Whether or not you agree that Israel is equally if not more culpable in the conflict, or that the Palestinian side lost moral superiority long ago, or recognize that two forces are wrong in the Israeli-Palestine conflict, or wonder if Rachel Corrie took one wrong side, you understand that Gottlieb is making a statement for peace and action. This is a difficult, very difficult subject matter, and I applaud Gottlieb’s willingness to express.
Next is Ned Stuckey French’s The American Essay in the American Century (University of Missouri, May 2011, $60 hardback, 272 pages). The book is academic, and as with poetry, not the sort I normally read. I am no academic, and my college days were ignominious. I took advantage of Cliff’s Notes more than once to churn out a paper on Charles Dickens Dombey and Son or even Shakespeare’s Twelfth Night, and my grades subsequently matched my ambition.
Stuckey-French, though, makes a case that we should pay attention to the history of the essay, “…few issues are more current and controversial than that of subjectivity, yet the literary genre most explicitly focused on subjectivity – the essay – has not received much scholarly attention.” He explains further that “essays were caught between retreat and departure, between America’s past and future. That tension is the subject of this book…(with the focus being) the period 1880 to 1940.”
Stuckey-French highlights the characters of this age; we find out about unknowns such as Sara Willis: “perhaps the most popular essayist of the middle of the nineteenth century…(she) wrote on crime, poverty, corruption, prisons, and especially rights of women and children.” Willis was described in the New Yorker as a “a columnist before columnists were heard of” she went through death of a child, a horrible marriage to a jealous man whom she left after two years, and she might have remained forgotten if not for teachers such as Stuckey-French. Quotes from essayists on essays also add to the book, such as Richard Burton’s, who felt that “when the essay becomes the mere venting of a mood and is emptied of thought, the essayist is reduced to happy idiot.”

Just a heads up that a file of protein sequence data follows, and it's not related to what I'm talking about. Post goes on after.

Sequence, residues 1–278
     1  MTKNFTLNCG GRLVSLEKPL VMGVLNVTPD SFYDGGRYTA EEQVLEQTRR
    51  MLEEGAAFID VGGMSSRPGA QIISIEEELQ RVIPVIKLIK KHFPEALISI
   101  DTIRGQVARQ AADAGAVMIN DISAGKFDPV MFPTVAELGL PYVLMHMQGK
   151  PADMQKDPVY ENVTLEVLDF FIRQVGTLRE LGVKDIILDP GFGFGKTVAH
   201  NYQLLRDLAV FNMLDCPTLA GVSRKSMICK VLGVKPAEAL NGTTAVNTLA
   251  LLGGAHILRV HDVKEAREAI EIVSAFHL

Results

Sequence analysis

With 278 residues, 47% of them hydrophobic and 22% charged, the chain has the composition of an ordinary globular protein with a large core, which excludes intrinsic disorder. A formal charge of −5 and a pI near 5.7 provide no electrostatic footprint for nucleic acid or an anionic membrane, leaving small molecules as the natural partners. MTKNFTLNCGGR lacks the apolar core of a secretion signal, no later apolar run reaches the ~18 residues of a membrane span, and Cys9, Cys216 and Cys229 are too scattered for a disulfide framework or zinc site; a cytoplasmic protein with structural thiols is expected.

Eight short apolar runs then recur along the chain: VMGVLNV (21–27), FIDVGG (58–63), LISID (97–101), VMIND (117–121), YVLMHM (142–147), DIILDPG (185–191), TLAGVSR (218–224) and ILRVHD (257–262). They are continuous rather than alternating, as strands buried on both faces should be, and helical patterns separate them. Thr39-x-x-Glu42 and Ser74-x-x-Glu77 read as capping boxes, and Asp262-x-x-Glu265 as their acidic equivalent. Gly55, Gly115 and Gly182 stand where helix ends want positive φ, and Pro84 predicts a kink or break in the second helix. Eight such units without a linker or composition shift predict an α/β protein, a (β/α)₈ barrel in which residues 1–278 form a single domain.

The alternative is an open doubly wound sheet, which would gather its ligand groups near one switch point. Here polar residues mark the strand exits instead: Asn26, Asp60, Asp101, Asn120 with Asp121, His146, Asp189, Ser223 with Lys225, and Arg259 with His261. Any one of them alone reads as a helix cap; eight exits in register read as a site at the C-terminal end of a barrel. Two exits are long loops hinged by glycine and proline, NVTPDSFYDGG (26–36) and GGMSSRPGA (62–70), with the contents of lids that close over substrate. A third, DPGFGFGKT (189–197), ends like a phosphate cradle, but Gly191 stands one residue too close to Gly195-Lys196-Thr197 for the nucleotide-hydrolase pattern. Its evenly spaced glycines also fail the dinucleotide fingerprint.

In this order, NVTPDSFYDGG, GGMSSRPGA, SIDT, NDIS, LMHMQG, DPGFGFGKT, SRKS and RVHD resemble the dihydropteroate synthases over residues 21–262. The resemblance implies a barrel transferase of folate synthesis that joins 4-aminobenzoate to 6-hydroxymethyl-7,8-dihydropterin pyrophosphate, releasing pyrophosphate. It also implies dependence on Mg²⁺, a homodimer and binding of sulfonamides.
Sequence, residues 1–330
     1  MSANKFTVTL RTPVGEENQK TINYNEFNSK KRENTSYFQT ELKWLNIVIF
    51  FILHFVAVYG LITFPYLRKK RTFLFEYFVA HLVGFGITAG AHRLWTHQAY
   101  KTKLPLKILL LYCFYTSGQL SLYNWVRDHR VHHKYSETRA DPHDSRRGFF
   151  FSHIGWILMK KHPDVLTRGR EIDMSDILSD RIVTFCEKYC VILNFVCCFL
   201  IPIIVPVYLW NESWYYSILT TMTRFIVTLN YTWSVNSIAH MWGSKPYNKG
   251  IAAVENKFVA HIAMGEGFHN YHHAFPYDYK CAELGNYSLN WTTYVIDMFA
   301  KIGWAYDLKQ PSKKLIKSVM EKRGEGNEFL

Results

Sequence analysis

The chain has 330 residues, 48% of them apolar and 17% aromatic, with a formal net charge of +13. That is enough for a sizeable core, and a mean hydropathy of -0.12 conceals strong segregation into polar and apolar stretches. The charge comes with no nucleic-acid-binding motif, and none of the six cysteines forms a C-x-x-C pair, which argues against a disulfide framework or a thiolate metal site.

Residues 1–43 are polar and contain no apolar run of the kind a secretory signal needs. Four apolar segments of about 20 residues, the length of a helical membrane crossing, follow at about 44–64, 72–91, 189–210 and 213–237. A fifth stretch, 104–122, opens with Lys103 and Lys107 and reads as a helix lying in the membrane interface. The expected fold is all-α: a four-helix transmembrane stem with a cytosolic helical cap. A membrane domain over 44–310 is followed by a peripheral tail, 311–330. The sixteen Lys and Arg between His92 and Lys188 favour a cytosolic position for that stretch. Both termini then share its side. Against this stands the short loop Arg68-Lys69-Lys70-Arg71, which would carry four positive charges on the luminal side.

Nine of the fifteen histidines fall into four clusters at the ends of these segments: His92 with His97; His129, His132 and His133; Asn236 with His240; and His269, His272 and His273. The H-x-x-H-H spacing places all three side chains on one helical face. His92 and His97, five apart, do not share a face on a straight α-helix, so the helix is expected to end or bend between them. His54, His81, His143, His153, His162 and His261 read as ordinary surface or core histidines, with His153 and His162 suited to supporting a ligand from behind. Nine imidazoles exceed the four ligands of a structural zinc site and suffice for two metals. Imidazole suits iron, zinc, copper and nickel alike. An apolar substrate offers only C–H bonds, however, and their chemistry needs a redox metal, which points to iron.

Stuckey-French writes about Mark Twain and E.B. White, along with a slew of important writers who exited the stage, and how literacy in the US rose, along with the prominence of many magazines, and writers such as W.E.B. DuBois attained fame. The book closes by asking what might happen if essays “were released from the first-year writing anthologies and read against history?” And hey, if I were to teach a class and wanted to sound like an authority on the topic, a reading of this book would be a sufficient start.
I hope, in the future, that I may have time to solicit and write credible reviews, rather than this evasive attempt to “review” these two books. For now, though, I will take a hiatus from reviewing and will be happy, going forward, to simply read literary criticism and participate in the conversation.
DISCLOSER: Caleb Powell has been published by Ned Stuckey-French in Fourth Genre, and was solicited for this review by Manic D Press. He has no realationship with Daphne Gottlieb.